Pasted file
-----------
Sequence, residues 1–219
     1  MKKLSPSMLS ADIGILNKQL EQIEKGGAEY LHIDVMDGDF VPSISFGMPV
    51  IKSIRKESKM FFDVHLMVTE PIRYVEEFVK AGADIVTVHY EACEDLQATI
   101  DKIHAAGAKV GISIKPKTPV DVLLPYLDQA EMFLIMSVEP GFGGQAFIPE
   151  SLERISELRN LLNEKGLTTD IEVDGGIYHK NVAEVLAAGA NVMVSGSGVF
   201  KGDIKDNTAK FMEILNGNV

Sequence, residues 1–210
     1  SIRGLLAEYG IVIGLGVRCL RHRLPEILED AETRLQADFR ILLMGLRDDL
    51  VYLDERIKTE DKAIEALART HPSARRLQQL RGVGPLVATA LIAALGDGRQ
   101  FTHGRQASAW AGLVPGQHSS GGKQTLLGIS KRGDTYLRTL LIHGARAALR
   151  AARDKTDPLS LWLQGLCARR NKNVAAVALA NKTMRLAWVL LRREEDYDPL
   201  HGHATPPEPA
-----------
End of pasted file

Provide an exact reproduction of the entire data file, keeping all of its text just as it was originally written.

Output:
Sequence, residues 1–219
     1  MKKLSPSMLS ADIGILNKQL EQIEKGGAEY LHIDVMDGDF VPSISFGMPV
    51  IKSIRKESKM FFDVHLMVTE PIRYVEEFVK AGADIVTVHY EACEDLQATI
   101  DKIHAAGAKV GISIKPKTPV DVLLPYLDQA EMFLIMSVEP GFGGQAFIPE
   151  SLERISELRN LLNEKGLTTD IEVDGGIYHK NVAEVLAAGA NVMVSGSGVF
   201  KGDIKDNTAK FMEILNGNV

Sequence, residues 1–210
     1  SIRGLLAEYG IVIGLGVRCL RHRLPEILED AETRLQADFR ILLMGLRDDL
    51  VYLDERIKTE DKAIEALART HPSARRLQQL RGVGPLVATA LIAALGDGRQ
   101  FTHGRQASAW AGLVPGQHSS GGKQTLLGIS KRGDTYLRTL LIHGARAALR
   151  AARDKTDPLS LWLQGLCARR NKNVAAVALA NKTMRLAWVL LRREEDYDPL
   201  HGHATPPEPA